Our home is our castle, and most of us fill them with all manner of ornaments, nick knacks, family photos and furnishings that reflect who we are and our personalities. And that’s all fine, until you come to sell.
Talk to any real estate agent and most will advise home owners to declutter and depersonalize the home to widen its appeal to buyers – buyers who may not share your taste in furniture or ornaments. And that’s where home staging comes in.
“You may not get any more money for your home when it sells,” says Kelly Clark of Paremata real estate firm Clark & Co Realty. “But a well-staged home will likely sell much faster than one that isn’t. That’s why we started offering clients free home staging.”
Kelly realised some time ago that marketing homes that had too much furniture in them – or no furniture at all – was hard going. So she started advising clients on how best to present their homes for sale and then took it one step further by loaning furniture and soft furnishings to them.
“We were asked to sell a home in Wellington that was vacant and during the course of six weeks, and despite many viewings, it just didn’t sell,” says Kelly. “Some people commented that the bedrooms seemed too small and they couldn’t visualise a bed and side tables fitting it.”
With the campaign having just two weeks to go she decided to furnish it with beds, tables, three-piece suite and a smattering of stylish throw rugs and fashionable cushions. “It sold within a week to a lady who had previously visited it and walked away. Once she saw the beds in place with plenty of room to spare she bought it.”
At the other end of the scale are homes cluttered with too much furniture.
“Most home owners understand they need to stage their home, especially if the furniture is dated, even if it is only for the marketing photos,” says Kelly. “And they trust us to do the best for their home. “You can do amazing things with cushions and flowers. And that’s really sometimes all you need.”
Kelly’s advice to sellers is to look at their home through fresh eyes and imagine how visitors might see it. “Can the furniture be moved to make rooms easier to walk into or are there too many photos on the walls…? You can start by removing items you don’t need and really going to town to clear out anything you can do without.”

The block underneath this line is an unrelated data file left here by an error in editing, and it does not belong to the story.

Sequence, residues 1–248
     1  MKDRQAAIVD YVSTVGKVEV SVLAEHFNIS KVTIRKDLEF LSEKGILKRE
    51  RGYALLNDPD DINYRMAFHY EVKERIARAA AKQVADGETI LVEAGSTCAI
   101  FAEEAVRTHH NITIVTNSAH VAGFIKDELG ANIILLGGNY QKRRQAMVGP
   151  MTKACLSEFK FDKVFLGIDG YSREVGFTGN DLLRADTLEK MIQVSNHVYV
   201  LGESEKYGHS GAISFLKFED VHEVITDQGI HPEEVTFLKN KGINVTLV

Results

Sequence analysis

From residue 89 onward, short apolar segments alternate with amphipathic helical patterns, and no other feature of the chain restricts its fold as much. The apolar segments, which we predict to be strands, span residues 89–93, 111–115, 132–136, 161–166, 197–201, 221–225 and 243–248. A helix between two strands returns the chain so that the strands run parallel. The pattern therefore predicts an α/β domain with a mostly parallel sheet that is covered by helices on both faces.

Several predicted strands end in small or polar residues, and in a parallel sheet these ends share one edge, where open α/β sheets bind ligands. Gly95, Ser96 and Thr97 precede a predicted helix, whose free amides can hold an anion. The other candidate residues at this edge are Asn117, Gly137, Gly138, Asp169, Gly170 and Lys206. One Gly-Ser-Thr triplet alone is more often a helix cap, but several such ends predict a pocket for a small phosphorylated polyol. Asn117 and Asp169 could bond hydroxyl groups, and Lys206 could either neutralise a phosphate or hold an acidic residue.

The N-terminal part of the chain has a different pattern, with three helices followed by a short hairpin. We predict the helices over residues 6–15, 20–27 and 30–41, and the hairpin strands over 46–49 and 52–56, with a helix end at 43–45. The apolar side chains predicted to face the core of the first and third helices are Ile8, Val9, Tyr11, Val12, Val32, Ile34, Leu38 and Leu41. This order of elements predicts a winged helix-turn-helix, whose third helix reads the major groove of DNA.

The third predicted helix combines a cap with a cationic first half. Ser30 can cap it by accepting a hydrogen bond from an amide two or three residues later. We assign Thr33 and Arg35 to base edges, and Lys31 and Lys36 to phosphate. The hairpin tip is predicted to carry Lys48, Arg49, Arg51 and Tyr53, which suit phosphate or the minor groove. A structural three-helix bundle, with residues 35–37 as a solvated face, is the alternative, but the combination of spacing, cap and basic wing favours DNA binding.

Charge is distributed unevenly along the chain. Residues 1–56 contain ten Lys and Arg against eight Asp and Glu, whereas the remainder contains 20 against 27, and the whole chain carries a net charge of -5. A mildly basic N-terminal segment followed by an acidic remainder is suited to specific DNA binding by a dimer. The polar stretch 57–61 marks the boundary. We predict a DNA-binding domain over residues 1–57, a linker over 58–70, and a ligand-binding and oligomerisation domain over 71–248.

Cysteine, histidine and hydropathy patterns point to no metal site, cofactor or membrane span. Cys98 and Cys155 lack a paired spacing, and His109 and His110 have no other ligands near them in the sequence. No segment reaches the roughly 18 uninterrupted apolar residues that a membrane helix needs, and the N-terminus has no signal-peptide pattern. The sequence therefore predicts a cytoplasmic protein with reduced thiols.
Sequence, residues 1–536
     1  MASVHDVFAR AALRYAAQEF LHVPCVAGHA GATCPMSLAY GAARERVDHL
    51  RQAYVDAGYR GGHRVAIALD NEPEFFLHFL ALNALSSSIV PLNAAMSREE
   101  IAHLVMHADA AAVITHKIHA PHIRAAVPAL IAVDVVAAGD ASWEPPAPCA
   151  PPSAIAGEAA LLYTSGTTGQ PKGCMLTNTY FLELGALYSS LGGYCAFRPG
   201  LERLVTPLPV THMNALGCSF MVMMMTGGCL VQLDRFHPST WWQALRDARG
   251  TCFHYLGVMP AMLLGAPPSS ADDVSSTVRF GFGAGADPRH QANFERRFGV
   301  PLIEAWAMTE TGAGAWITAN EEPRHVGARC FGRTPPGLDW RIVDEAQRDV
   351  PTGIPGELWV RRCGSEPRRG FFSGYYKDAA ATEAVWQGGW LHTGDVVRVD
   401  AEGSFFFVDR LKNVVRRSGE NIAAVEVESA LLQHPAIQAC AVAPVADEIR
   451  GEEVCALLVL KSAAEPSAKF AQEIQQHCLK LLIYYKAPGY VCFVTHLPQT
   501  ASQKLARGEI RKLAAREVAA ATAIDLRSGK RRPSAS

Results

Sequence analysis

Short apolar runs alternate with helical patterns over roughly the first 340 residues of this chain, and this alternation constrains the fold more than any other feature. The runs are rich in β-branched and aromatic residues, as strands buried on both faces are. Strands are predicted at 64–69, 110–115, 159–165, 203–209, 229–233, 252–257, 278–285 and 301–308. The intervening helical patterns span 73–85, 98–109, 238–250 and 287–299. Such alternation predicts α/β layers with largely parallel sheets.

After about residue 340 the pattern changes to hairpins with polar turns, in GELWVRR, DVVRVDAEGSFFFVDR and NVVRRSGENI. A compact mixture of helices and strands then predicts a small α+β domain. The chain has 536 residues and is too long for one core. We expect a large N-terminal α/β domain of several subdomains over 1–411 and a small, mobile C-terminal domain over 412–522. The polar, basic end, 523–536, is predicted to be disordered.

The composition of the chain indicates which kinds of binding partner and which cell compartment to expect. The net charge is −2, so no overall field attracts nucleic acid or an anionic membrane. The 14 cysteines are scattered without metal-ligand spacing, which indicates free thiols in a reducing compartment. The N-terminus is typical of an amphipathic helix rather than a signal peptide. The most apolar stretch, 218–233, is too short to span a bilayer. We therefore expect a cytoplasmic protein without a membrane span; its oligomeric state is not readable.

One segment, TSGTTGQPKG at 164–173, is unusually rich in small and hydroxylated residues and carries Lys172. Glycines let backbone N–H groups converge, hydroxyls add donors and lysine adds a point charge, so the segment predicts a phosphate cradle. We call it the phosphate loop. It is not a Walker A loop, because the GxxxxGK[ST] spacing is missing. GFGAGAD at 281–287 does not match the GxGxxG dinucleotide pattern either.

In Auckland, Janine King, of Janine King Design, says that hiring a stager takes the guess work out of how to present a home. “Well-designed staging enhances the space, flow, and light sources of a room that may otherwise appear to be dark and small,” says Janine.
“By positioning furniture, lighting and accessories to the best advantage of the space, buyers can visualise how and where they can place their own furniture. Stagers understand the psychographics of the target market and endeavour to sell the sizzle of a home through its presentation – to set it apart from the competition.”
Janine says home staging is something to be expected in Auckland and is becoming a standard part of sellers’ marketing budgets.
“Auckland has a higher average house price compared to the rest of the country and so the home has to work for its money,” she says. “First impressions count, so it’s important to put your best foot forward. One estate agent told me that staging is essential for the photos.”
When it comes to this year’s design trends Janine says that rich jewel tones of gold, blues mulberry and greens teamed with animal prints have seen us through winter. But with spring and summer on the way she expects to see more use of sage greens and shades of air force blues with paprika colours.
“A pair of round nesting coffee tables with the revival of the drinks trolley with decanters has also been a trend and fun addition this year,” she says. “Watch out for anything glass or crystal – elegant clusters of clear candle sticks added to a glass tray grouped with white lilies in a clear vase for a coffee table vignette.”